The Anatomy of the Axillary Vein

A Large Vein of the Upper Limb, Chest, and Armpit

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The axillary vein is a major vein in the upper body that carries blood from the upper limb, armpit, and the upper side of the chest wall towards the heart. On each side of the body, it forms where the basilic and brachial veins join in the axilla, a space just below the shoulder that allows arteries, veins, and nerves to pass.

Its course is relatively short as it moves upwards towards the middle of the body and terminates into the subclavian vein at the border of the first (topmost) rib.

The blood supply of the shoulder - stock illustration

MedicalRF / Getty Images

As a deep vein that plays a critical role in upper body circulation, diseases or disorders of the axillary vein can become problematic. In particular, axillary thrombosis—a kind of deep vein thrombosis (DVT), or blood clotting—is a relatively rare, but potentially very dangerous condition.

This vein may also sometimes be considered as a means to gain venous access for the placement of a pacemaker, though it’s a riskier alternative.



The body has an axillary vein on each side, typically varying between 1.1 and 1.2 centimeters (cm) in diameter. Veins are typically a little thinner than arteries, which are the vessels that carry blood away from the heart. They consist of three layers:

  • Tunica intima: The inner lining of veins is composed of a layer of flat cells, called squamous epithelium, in contact with a base membrane that keeps blood inside.
  • Tunica media: The middle layer of veins is smooth muscle, which can apply pressure on the axillary vein to push blood along and help regulate function.
  • Tunica adventita: This thicker, outer layer has elastic fibers that help connect vessels to surrounding tissues for support.  


The axillary vein arises at the lower border of the axilla, just beneath the teres major shoulder muscle, near where the underarm meets the body. Along its course are several important features:

  • Origin: The basilic vein, a primary surface (“superficial”) vein of the arm, and the brachial vein, one of the upper arm’s deep veins, join together to form the axillary vein. 
  • Axillary region: The axillary vein travels upwards and towards the middle of the body, crossing the armpit. As it does so, it runs close to the axillary artery along with a bundle of nerves, including the lateral and medial pectoral nerves, the brachial plexus, and the ulnar nerve.
  • Termination: As it crests to the top of the axilla space, another major vein of the arm, the cephalic vein, joins up, and the two terminate into the subclavian vessel. This occurs at the border of the top-most rib.

In addition to the cephalic vein, the axillary vein has several other tributaries, which correspond to branches of the axillary artery. These are:

  • Thoracoacromial vein
  • Lateral thoracic vein
  • Subscapular vein
  • Anterior circumflex
  • Humeral vein
  • Posterior circumflex humeral vein

Anatomical Variations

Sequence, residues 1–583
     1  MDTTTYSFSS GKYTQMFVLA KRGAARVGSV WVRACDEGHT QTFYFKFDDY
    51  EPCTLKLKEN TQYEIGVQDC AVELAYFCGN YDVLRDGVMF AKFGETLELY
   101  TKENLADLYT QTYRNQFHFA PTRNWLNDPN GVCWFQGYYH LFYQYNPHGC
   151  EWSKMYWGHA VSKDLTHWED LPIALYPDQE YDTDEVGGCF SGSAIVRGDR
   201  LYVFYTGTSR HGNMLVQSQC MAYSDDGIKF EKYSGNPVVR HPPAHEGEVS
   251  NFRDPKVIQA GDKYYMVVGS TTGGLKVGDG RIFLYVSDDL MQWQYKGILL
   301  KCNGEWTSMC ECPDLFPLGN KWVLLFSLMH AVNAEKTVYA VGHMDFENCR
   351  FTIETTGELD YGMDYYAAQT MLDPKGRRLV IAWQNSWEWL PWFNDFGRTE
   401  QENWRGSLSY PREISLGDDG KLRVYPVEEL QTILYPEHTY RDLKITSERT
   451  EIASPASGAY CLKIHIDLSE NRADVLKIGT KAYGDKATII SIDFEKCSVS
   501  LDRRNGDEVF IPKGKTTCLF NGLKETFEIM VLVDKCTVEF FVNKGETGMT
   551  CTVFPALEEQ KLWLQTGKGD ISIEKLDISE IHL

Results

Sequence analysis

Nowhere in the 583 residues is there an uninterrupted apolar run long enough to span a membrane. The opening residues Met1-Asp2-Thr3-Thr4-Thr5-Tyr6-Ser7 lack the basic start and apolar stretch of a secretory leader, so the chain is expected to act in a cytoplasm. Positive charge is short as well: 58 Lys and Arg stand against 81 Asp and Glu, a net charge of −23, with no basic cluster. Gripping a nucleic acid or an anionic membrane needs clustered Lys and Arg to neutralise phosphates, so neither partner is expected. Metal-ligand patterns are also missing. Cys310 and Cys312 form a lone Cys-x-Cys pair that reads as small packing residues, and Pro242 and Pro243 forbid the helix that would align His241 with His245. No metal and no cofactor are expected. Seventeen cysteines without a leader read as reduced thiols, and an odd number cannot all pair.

Congenital differences in the anatomy of the axillary vein are relatively common, and many people will display small variations. In particular, accessory axillary vein, in which a small, second vein arises alongside the primary one, may occur in over half the population. The specific position of this second vein varies a great deal, and it may join

In addition, doctors have observed different origins for the axillary vein, as the brachial and basilic veins may meet at different positions. Furthermore, the cephalic vein—usually joining near to the end of the axillary vein’s course—may also run into it earlier along.


The circulatory system’s main job is to deliver oxygen from the lungs to the rest of the body. Blood cells are laden with oxygen in the heart and then pumped out through the arteries. In turn, it’s the veins that bring deoxygenated blood back.

Given its position in the body, the axillary vein conveys blood from the axilla, the side of the chest cavity (thorax), and the upper arm.

Clinical Significance

Clinically speaking, there are a couple cases where the axillary vein comes into play.


This vein may be considered for cannulation, which means inserting a tube or catheter. Most often, this technique is employed as means to implant a pacemaker near the heart using a minimally-invasive procedure. The axillary vein will be considered in cases where employing other veins is likely to be dangerous.

Axillary Vein Thrombosis

Blood clotting of the axillary vein is relatively rare in the general population, though it occurs more often in competitive athletes. Repeated strain, injury, or other factors this condition, which leads to swelling, blue color, heaviness, and pain in the arm.

If untreated, this condition can lead to pulmonary embolism (blood clot in the lung), stroke, heart failure, and venous insufficiency, among other dangerous conditions. Blood-thinning medications, physical therapy, as well as surgeries, resolve this condition.

6 Sources
Verywell Health uses only high-quality sources, including peer-reviewed studies, to support the facts within our articles. Read our editorial process to learn more about how we fact-check and keep our content accurate, reliable, and trustworthy.
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By Mark Gurarie
Mark Gurarie is a freelance writer, editor, and adjunct lecturer of writing composition at George Washington University.